Table 5 Summary of the results of the HPLC and LC/MS determination of the relative concentration of the active principle in the 11 pharmaceutical products that were the object of the study time (often for the rest of the patient’s life), and it commonly consists of a multi-drug approach. All these aspects contribute to potential concerns regarding owner compliance and overall efficacy of long-term oral treatments. The study outlined here aimed at investigating potential pitfalls of chronic oral treatment based on split tablets, focusing on the phase preceding oral absorption. To the best of our knowledge, studies on the reliability of oral treatment based on administration of fractions of tablets have not been conducted in veterinary medicine.
Content data are reported as mean % of the expected concentrations, 5th and 95th percentiles. Percentages are rounded to the closest whole number. The correlation coefficient between the weight of the quarter and HPLC content was determined using the Spearman Rank Order Correlation test. The three columns on the right report mean measured % concentration, 5th and 95th percentiles after 30 days of storage.
Only data for diltiazem, pimobendan (Vetme- din®) and atenolol reached statistical significance when comparing the means of the distribution of weights of halved and quartered tablets. It is important to critically evaluate the results of any statistical tool in terms not only of statistical significance (p value), but also in terms of scientific (in this case clinical) significance and overall variability (i.e. SD, or better CV). Our data showed high variability, that probably limited the number of statistically significant findings, but that, by itself is an index of poor homogeneity in the final products of pill splitting.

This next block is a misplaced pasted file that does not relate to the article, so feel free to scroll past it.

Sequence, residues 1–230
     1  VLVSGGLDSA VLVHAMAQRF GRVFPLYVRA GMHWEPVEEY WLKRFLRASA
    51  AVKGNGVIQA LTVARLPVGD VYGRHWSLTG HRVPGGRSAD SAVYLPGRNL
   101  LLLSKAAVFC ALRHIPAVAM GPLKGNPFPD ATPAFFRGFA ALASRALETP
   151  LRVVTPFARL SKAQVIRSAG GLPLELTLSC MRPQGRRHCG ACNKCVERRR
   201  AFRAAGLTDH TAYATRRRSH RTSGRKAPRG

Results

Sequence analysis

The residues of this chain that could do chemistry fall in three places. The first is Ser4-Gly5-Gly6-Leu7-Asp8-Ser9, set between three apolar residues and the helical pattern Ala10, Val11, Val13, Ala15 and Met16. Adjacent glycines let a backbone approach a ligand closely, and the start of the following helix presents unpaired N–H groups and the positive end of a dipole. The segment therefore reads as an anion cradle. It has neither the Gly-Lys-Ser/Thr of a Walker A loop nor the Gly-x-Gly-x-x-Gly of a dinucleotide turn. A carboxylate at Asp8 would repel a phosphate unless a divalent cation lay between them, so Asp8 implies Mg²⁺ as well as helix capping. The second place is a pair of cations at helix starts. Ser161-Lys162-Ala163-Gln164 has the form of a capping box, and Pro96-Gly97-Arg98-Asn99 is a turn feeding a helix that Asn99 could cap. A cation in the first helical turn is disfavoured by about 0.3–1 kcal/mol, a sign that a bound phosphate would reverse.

In our study, the weight variability of the halved fractions for many drugs did not meet the USP Standard of a CV < 6%. Some formulations showed a CV for the halves of greater than 10% (amlodipine (generic), amlodipine (Norvasc®), atenolol, and enalapril (Enacard®) — Table 3). Quartering a tablet appears to consistently result in an unacceptably high degree of weight variability, as shown by a CV of greater than 6% for all formulations, and of greater than 10% for all the formulations, except pimobendan (Vetmedin®). Amlodipine (Norvasc®) showed the highest CV (31%) for the quarters. A potential explanation for this high variability resides in the irregular shape of the product (diamond-shaped tablet) that makes it difficult to position the tablet in the loader of the pill splitter. Furthermore, amlodipine (Norvasc®) was the only formulation subjectively evaluated as "friable’’, which carries the risk for the unpredictable loss of product in the form of powder or "crumbs".